I was looking for love and then I found love, but heaven knows I’m miserable now.

 Fly on the Wall Theatre’s acclaimed play, Half a Person: My Life as Told by the Smiths is due to make a 10 performances only return. Writer Alex Broun (The Jacaranda Tree)  and director Robert Chuter (Anne of Green Gables, Homme Fatale, The Death of Peter Pan, The Hive), brought together by their mutual love of the Smiths twenty years ago, team up again to pay homage to ’80s idol Steven Patrick Morrissey.
The play tells the story of William who is too smart for his long black drinking, tight jeans wearing, quiff hairstyle sporting, ‘The Smiths’ worshipping good. He only exists to devour coffee, despise ’people’ and worship the patron saint of wrist-slashing – Steven Patrick Morrissey.
Just like his Idol the world he occupies is cruelly lonely. He stumbles from café to cemetery in search of a companion or maybe just a confidant. He runs headlong into Salome; the obtuse, obstructive, agent of seduction that slithers her way into his addictive personality where she infatuates herself remorselessly.
 Meanwhile, the best friend that he never knew he might not have one day, Rick, is struggling with his own desire for William and his dwindling mortality. William is confined in a terrible triangle; the girl of his dreams treats him like dirt, his best friend is in love with him and on top of this, the Smiths have broken up.
The play  is a one-man show featuring Mark Taylor (Rent, The Underwood, Away, The Crucible, The Rocky Horror Picture Show.) who plays the main character as well as an ensemble of characters that surround him.
"I play William, my best friend Rick, my ice queen / sex queen girlfriend, Salome, a seedy record shop owner, an Indian cab driver,"  says Taylor in his recent interview with Beat Magazine. "In total, I play about 12 different roles within the play, but William is definitely my favourite; he is an extension of me. It’s definitely a love-hate relationship, William needs a good kick up the arse, I need a good kick up the arse!"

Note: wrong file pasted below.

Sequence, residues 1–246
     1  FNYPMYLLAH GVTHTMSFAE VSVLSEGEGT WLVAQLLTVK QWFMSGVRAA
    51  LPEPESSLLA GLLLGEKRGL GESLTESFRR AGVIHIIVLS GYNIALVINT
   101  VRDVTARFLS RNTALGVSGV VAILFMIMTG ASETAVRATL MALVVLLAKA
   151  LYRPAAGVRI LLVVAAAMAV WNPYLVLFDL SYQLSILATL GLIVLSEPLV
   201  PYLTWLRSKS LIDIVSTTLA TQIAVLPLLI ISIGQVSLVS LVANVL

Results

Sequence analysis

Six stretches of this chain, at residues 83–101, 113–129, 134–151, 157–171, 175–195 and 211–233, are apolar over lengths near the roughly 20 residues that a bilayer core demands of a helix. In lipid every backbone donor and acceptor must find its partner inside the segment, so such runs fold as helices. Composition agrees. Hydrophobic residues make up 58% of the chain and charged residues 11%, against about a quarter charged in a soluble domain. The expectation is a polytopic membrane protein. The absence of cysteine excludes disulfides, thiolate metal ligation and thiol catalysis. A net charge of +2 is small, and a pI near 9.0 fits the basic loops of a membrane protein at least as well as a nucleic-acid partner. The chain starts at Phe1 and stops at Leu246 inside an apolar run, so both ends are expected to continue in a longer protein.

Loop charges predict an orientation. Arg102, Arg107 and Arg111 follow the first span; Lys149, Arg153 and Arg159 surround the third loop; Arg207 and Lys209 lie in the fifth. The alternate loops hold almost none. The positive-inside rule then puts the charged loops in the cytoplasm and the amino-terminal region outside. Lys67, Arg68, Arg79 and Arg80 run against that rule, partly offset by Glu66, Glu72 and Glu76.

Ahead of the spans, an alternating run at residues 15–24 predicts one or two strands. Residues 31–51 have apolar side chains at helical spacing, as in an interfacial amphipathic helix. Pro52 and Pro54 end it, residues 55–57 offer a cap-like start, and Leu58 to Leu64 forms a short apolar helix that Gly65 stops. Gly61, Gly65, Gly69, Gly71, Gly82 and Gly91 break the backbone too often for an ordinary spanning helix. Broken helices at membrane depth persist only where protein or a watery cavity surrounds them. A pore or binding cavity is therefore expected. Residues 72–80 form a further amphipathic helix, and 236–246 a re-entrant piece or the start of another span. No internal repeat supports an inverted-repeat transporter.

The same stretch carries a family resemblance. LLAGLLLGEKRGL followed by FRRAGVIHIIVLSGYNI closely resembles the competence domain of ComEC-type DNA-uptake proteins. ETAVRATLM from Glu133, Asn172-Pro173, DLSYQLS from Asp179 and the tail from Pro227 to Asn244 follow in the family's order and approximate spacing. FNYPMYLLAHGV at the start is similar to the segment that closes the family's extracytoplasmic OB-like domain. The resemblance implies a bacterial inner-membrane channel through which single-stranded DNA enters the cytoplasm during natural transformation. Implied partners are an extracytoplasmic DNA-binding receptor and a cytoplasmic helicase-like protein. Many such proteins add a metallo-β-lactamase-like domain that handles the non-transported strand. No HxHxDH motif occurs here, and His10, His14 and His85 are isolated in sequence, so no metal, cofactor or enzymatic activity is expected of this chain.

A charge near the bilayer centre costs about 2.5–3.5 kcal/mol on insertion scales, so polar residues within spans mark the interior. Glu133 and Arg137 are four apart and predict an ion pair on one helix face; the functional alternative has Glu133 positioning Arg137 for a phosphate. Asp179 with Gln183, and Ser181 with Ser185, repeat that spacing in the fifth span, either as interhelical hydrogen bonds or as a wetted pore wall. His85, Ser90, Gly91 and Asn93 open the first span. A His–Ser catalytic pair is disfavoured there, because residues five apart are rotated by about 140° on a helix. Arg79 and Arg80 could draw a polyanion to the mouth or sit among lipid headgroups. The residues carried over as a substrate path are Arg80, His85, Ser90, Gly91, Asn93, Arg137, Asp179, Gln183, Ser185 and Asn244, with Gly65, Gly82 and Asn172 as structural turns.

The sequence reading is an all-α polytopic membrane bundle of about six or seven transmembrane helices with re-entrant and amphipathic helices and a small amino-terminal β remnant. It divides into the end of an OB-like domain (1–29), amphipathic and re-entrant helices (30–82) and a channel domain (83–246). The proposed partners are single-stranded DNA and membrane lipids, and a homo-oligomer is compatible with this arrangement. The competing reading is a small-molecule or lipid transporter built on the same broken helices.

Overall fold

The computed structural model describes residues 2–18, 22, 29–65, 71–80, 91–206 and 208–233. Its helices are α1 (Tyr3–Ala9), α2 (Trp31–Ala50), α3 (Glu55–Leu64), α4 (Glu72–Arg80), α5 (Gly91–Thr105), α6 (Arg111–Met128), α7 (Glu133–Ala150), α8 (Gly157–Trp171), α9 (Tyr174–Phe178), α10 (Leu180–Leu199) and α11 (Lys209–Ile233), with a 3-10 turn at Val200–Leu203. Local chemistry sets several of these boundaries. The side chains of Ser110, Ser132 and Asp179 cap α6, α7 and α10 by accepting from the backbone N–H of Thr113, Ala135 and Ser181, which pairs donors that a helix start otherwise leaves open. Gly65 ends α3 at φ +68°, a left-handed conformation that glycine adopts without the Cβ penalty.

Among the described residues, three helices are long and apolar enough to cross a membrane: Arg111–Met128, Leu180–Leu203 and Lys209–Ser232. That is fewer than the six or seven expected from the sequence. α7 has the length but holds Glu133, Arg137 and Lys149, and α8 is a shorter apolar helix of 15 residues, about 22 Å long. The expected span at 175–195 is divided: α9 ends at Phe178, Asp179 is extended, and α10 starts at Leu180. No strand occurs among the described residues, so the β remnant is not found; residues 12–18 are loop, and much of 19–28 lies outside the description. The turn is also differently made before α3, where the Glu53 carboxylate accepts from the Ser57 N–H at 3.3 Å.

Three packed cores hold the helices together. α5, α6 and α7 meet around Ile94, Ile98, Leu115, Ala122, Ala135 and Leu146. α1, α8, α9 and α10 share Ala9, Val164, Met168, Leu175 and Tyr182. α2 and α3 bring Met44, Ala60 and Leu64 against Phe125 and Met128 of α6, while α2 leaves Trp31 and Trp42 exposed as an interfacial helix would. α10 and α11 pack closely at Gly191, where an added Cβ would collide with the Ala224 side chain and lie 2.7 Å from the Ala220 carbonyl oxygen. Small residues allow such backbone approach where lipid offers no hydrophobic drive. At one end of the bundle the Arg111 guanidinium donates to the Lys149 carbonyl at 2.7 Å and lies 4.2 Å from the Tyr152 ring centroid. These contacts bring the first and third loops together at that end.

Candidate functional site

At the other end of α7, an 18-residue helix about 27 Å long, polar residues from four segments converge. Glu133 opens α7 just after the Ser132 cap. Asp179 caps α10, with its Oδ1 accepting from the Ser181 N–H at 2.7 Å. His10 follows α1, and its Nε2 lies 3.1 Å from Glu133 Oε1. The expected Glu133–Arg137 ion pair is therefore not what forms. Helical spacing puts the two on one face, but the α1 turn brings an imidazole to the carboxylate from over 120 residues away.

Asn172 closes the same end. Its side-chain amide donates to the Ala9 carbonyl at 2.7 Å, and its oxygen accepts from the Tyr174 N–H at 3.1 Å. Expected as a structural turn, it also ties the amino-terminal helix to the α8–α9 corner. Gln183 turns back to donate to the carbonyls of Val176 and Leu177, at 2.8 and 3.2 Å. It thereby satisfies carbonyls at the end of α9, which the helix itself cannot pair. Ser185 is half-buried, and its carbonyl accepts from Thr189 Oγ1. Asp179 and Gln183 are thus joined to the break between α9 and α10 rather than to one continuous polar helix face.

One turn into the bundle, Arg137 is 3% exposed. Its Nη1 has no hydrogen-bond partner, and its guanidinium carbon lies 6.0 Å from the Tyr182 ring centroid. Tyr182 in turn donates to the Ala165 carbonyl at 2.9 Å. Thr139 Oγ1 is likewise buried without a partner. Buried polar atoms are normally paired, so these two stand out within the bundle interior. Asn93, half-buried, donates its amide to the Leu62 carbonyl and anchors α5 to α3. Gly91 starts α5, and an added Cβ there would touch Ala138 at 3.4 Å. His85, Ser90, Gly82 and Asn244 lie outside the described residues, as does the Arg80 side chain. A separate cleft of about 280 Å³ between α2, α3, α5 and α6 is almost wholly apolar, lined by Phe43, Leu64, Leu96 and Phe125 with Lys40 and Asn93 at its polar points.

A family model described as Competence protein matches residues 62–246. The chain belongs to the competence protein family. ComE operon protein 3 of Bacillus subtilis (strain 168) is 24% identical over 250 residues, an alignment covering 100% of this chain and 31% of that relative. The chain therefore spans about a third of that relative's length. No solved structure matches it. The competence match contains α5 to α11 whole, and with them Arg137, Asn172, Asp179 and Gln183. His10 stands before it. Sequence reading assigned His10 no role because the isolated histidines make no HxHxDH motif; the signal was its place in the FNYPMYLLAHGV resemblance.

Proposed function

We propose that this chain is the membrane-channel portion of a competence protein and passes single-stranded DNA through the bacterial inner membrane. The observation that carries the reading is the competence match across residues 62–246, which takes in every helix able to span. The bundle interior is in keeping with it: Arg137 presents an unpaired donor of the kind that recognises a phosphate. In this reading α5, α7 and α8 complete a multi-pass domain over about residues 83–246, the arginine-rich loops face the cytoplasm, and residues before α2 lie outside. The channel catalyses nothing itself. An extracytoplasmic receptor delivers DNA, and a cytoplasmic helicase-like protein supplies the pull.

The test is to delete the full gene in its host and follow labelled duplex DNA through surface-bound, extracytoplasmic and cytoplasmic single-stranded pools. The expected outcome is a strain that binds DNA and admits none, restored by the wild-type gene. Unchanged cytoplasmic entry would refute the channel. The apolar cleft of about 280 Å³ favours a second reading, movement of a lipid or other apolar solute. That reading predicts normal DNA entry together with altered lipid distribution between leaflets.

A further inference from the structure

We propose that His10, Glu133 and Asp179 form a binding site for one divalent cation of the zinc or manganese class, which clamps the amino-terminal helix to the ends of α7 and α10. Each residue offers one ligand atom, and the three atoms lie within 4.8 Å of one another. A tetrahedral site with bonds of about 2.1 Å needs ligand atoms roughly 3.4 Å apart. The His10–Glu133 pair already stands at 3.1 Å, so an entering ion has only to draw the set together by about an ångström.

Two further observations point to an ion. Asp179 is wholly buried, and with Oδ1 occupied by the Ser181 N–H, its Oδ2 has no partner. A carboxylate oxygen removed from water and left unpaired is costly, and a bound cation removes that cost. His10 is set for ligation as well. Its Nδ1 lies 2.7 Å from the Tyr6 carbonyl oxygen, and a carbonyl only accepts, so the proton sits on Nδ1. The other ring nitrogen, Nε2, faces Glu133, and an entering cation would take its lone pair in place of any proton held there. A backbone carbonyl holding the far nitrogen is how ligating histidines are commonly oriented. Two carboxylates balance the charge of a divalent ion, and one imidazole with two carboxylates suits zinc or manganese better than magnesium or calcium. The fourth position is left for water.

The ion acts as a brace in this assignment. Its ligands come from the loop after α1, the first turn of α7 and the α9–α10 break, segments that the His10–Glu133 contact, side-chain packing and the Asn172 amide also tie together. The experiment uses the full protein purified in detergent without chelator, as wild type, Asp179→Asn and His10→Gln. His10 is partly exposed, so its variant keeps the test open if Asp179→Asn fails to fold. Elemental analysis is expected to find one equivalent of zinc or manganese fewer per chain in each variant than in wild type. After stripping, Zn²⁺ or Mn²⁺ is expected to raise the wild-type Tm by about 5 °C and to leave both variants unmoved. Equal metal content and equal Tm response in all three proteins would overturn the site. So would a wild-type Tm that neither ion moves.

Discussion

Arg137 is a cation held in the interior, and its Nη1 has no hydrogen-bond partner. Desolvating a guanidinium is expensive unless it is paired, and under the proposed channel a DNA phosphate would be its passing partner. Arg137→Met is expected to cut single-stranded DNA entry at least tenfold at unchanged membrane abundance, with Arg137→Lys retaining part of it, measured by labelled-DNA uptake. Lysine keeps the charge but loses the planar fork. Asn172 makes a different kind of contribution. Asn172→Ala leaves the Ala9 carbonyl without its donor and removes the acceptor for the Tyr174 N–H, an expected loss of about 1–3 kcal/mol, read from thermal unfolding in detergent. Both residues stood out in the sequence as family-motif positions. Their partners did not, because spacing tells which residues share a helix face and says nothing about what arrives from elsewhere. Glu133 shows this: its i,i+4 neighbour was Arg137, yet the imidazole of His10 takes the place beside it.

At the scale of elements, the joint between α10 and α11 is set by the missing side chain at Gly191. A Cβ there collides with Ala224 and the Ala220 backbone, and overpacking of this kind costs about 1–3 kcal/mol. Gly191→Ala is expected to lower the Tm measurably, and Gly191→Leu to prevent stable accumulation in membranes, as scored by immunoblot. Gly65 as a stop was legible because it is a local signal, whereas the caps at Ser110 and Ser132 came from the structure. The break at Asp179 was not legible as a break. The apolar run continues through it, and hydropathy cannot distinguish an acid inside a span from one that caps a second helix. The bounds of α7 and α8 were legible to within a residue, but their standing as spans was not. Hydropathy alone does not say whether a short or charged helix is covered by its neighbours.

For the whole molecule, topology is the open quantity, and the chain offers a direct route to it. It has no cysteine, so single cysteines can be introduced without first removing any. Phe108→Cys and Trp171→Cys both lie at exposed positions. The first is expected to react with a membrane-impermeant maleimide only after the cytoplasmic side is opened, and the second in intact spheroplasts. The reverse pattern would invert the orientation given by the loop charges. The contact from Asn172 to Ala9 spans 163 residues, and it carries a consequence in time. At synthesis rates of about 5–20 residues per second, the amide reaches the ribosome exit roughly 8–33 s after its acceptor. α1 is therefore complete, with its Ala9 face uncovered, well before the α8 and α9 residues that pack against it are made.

The show features more than 12 Morrissey / Smiths songs which also set their own challenges for the actor. "It’s not me as an actor imitating Morrissey" says Taylor "but rather William trying to be him, having the quiff hairdo, crooning in front of his mirror in his skinny black jeans. We definitely go into the melancholy and bittersweet moments of the Smiths’ music, but there are a few songs that get me dancing, Morrissey style of course."
The show’s return is marked by its popularity. "We had so many people come to the theatre who just don’t come to the theatre, they were the best," says Taylor. "We also had people coming two or three times, they were the big Smiths fans and they’ll probably come again. But whether you love or hate the Smiths, there is something in this show that attracts people."
The show has been described as a beautifully dark, blackly funny and painfully touching play set to the music of The Smiths, the music that gives William a chance to be more than just, ‘Half A Person.’
Venue: Loft Theatre, Chapel Off Chapel
Season: August 2010